BERLIN, July 2 (Xinhua) — The stock market value of the world’s 100 largest publicly traded companies rose by 17 percent in the first six months (H1) of 2024, reaching a record high of 42.3 trillion U.S. dollars, according to a study published by consulting firm Ernst and Young (EY) on Tuesday.

The study highlighted a “record chase” on stock markets, driven primarily by companies in the technology sector benefiting from the boom of artificial intelligence (AI).

“Artificial intelligence is a megatrend that is leading to a reorganization of the business world at breathtaking speed, fueling the imagination of investors and stock market prices,” said Henrik Ahlers, chairman of EY’s management board.

The report also indicated that eight of the ten most valuable companies are headquartered in the United States, with most operating digital business models.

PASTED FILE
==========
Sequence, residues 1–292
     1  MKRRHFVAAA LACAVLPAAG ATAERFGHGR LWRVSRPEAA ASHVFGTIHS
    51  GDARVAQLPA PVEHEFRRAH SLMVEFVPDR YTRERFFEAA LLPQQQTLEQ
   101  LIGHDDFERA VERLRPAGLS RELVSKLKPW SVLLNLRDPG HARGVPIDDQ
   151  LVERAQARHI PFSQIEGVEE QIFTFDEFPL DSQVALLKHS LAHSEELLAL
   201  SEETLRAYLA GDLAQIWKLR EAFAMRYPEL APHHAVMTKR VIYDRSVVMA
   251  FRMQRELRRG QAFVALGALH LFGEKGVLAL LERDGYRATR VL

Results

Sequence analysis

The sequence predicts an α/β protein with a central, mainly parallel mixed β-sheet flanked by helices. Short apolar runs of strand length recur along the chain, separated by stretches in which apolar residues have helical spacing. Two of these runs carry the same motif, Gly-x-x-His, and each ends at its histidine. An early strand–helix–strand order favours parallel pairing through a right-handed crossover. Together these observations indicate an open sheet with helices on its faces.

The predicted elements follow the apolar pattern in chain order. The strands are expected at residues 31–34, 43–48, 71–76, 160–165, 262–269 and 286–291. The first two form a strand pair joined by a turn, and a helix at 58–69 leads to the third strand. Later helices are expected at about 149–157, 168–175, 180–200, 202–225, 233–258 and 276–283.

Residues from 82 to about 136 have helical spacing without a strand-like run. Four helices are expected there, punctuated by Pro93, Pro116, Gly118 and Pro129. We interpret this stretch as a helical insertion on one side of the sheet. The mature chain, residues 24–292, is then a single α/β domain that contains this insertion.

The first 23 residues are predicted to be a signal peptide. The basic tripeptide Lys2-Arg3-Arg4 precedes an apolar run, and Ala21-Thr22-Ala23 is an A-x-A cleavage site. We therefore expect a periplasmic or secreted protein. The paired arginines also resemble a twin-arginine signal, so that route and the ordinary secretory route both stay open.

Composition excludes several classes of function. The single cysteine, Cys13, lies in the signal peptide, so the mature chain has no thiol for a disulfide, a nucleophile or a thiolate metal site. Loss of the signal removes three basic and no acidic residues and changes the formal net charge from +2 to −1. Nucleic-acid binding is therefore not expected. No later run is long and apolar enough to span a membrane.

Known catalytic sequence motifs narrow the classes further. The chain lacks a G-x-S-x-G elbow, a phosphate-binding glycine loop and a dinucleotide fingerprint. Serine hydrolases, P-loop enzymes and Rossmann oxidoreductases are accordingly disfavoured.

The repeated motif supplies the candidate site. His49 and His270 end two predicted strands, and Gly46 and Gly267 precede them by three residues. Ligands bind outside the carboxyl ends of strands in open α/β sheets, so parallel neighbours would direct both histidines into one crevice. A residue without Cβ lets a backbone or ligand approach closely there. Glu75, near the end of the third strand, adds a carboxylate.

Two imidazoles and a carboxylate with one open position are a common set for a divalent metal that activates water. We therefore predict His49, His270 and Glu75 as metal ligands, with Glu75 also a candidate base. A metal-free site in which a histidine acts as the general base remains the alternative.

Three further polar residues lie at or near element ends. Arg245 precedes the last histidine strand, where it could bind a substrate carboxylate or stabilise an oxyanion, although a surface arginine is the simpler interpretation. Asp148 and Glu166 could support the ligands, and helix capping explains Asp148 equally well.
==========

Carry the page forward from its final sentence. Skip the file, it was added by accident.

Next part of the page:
U.S. technology company Microsoft leads the top ten ranking with a value of 3.32 trillion U.S. dollars, surpassing the combined market capitalization of Germany’s blue-chip DAX companies, which totaled 1.87 trillion U.S. dollars at the end of June.

Apple, which topped the rankings at the end of 2023, fell to second place, followed by Nvidia, whose market value surged nearly 150 percent in H1.

The top ten also includes non-U.S. companies Saudi Aramco, which dropped from third to sixth place, and Taiwan Semiconductor Manufacturing Company, ranking tenth.

Europe, however, continues to struggle to benefit from the AI boom. Only 19 of the world’s 100 most valuable companies are headquartered in Europe, compared to 46 in 2007 before the financial crisis. The most valuable company is the Danish pharmaceutical group Novo Nordisk, ranked twelfth.

Ahlers noted that in the past two decades, Europe has seen a steady decline in housing tech giants compared to the United States. He added that since most of Europe’s top companies are not in the tech sector, it is unlikely that the continent will reverse this trend in the coming years.